Hungary

Section 3. Freedom to Participate in the Political Process

The constitution and law provide citizens the ability to choose their government in periodic elections held by secret ballot and based on universal suffrage.

Elections and Political Participation

Recent Elections: The most recent national elections were held in 2014 under a single-round national system to elect 199 members of parliament. The elections resulted in the ruling parties gaining a second consecutive two-thirds supermajority in parliament, receiving 45 percent of party-list votes while winning 96 of the country’s 106 single-member districts, allocated through a first-past-the-post system. In 2015 the governing coalition lost its two-thirds majority in parliament following a by-election in Veszprem.

A mission representing the OSCE Office for Democratic Institutions and Human Rights (ODIHR) observed the 2014 elections. In its final report on the elections, the mission concluded that, while the elections were efficiently administered and offered voters a diverse choice following an inclusive candidate registration process, “the main governing party enjoyed an undue advantage because of restrictive campaign regulations, biased media coverage, and campaign activities that blurred the separation between political party and the state.”

The 2014 ODIHR election observation mission report noted that the process of redistricting constituencies was widely criticized “for lacking transparency, independence, and consultation, and allegations of gerrymandering were widespread.” The report found that the practice of transferring surplus votes of constituency winners to party lists resulted in the ruling Fidesz-KDNP coalition’s gaining six additional seats.

Political Parties and Political Participation: In its 2014 report, the ODIHR observation mission reported several problems with media influence, including the increasing ownership of media outlets by businesspersons directly or indirectly associated with Fidesz and the allocation of state advertising to select media outlets. It concluded that these factors undermined the pluralism of the media and increased self-censorship among journalists. The report also criticized the use of government advertisements that were almost identical to those of Fidesz campaign advertisements, claiming that they contributed to an uneven playing field and did not fully respect the principle of separation of party and state. The ODIHR mission noted the limited amount of free broadcast time available for candidates and the absence of paid political advertising on nationwide commercial television. It concluded that this situation impeded candidates’ ability to campaign via the media. The report also criticized campaign-financing laws that limited the transparency and accountability of political parties and expressed concern over the lack of effective redress for complaints filed during the electoral process.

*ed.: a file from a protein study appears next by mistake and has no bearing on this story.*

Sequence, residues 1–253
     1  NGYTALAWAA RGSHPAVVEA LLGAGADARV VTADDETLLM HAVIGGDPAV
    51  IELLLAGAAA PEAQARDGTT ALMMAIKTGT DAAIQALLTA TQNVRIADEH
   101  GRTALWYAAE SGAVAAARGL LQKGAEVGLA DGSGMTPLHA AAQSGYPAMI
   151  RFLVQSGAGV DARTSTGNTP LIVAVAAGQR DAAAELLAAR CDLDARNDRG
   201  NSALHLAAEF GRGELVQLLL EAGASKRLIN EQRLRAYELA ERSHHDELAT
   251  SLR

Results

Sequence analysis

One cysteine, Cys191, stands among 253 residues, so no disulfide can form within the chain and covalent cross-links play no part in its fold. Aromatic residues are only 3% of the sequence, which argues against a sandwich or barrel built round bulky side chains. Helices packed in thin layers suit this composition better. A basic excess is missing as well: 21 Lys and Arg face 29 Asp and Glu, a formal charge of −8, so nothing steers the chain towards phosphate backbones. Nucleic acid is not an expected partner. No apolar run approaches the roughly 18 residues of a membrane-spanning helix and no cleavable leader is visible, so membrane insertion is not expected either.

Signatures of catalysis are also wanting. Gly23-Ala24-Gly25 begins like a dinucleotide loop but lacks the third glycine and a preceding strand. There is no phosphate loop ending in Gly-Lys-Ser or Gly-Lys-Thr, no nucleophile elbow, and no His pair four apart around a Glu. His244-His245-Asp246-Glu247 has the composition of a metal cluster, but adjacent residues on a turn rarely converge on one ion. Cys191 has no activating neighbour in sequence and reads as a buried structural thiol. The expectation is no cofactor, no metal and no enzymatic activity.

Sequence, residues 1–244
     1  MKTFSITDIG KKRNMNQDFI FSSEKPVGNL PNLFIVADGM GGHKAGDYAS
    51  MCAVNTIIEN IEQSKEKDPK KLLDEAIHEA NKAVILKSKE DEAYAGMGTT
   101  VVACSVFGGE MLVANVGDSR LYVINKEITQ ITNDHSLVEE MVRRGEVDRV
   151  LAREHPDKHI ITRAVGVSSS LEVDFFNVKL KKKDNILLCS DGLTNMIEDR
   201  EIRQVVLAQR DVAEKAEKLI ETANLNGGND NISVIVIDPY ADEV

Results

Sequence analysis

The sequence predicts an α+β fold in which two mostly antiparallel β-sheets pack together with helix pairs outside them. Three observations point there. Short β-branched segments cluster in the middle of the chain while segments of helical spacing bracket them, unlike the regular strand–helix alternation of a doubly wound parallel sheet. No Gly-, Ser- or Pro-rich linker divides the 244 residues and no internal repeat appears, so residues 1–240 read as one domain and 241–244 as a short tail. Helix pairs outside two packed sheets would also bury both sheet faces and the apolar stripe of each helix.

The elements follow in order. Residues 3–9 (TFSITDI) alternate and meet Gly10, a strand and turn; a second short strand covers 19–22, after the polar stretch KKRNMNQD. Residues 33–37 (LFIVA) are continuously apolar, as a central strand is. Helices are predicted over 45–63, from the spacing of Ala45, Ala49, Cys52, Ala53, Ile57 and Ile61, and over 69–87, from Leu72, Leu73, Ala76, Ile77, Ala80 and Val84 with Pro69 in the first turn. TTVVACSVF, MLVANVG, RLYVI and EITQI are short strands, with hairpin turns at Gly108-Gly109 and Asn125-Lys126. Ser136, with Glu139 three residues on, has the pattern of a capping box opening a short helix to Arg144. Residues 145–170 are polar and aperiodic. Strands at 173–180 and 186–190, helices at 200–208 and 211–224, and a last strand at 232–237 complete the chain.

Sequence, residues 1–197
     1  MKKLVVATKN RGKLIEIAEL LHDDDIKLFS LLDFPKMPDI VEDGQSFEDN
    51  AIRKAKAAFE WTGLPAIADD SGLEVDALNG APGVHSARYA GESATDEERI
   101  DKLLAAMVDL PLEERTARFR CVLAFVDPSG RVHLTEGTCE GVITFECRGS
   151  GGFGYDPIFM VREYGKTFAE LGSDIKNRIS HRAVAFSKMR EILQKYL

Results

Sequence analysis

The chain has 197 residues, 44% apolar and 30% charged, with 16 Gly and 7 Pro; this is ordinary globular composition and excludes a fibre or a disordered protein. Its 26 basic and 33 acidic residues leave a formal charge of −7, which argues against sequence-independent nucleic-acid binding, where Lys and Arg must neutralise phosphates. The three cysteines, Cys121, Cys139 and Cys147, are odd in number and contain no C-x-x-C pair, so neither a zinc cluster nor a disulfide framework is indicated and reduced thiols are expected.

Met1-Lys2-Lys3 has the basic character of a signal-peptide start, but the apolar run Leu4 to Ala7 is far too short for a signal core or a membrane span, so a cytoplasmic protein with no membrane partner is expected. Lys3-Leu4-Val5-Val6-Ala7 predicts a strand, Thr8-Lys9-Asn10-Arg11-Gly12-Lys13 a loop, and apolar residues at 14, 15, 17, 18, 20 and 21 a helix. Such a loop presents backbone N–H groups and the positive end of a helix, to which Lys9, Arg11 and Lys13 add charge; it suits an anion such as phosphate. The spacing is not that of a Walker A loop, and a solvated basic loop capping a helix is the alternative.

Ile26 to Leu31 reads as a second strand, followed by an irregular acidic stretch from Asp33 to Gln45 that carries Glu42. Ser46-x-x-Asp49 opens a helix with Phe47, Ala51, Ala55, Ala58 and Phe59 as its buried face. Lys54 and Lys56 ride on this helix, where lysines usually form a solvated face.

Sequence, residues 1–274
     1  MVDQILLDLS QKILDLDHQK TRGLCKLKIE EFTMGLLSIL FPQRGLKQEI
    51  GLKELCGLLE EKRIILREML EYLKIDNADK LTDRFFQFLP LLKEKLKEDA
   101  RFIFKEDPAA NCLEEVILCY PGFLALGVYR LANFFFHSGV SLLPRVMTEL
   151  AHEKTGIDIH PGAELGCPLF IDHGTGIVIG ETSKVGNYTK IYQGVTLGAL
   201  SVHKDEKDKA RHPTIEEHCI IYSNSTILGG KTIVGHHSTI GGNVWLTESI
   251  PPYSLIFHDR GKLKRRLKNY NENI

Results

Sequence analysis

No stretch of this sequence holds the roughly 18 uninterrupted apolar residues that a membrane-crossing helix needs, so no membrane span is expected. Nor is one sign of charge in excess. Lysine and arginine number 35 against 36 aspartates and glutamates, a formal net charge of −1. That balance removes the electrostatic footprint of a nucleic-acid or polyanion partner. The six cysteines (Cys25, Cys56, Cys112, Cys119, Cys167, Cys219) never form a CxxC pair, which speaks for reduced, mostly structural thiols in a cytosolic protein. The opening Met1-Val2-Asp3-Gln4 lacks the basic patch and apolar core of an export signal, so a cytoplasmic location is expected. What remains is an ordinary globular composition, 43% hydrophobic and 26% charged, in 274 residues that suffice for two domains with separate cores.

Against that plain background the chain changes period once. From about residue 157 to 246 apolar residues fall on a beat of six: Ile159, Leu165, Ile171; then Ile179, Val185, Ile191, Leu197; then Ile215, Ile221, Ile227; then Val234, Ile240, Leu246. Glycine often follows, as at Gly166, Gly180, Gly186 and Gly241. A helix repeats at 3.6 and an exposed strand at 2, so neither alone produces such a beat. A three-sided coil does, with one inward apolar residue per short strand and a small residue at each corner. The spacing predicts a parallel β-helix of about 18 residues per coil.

Citizens living abroad but having permanent residency in the country were required to appear in person at embassies to vote, while citizens not having domestic residency could vote by mail, but only for party lists. ODIHR election observers noted that the practice of applying different procedures to register and vote depending on whether or not a person had a permanent address in the country resulted in unequal treatment of voters outside the country.

In 2015 the ECHR rejected the application of citizens living abroad but having permanent residency in the country, who objected that they were compelled to appear in person at embassies to vote, while dual citizens not having residency in the country could vote by mail. In April 2016 the Constitutional Court rejected a constitutional complaint on similar grounds and concluded that the contested legal provision was not discriminatory, since those without an address in the country could only vote for party lists.

Participation of Women and Minorities: No laws limit participation of women and members of minorities in the political process. Representation of women in public life, however, was very low. Women constituted 10 percent of members of parliament, and there were no female ministers. Only 13 percent of sub-cabinet-level government state secretaries were women. In May 2016 the UN Working Group on the Issue of Discrimination against Women in Law and in Practice, in a statement following an official visit, noted “pervasive and severe gender stereotyping of women which undoubtedly contributed to their low level of political participation.” The working group expressed concern over “some public officials who legitimize and justify the low representation of women in politics.”

The electoral system provides 13 recognized national minorities the possibility of registering for a separate minority voting process in parliamentary elections. While all 13 national minorities registered candidate lists, none obtained enough votes in 2014 to win a minority seat in parliament. As a result, each nationality was represented in parliament by a nonvoting spokesperson whose competence was limited to discussing minority issues. The ODIHR report on the 2014 elections concluded that, because voters publicly registered to vote for minority lists and such lists give only one choice of candidate on the ballot, their choice was limited, and the secrecy of their vote violated. Due to privacy laws regarding ethnic data, no statistics were available on the number of members of a minority who were in parliament or the cabinet.

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The Lessons of 1989: Freedom and Our Future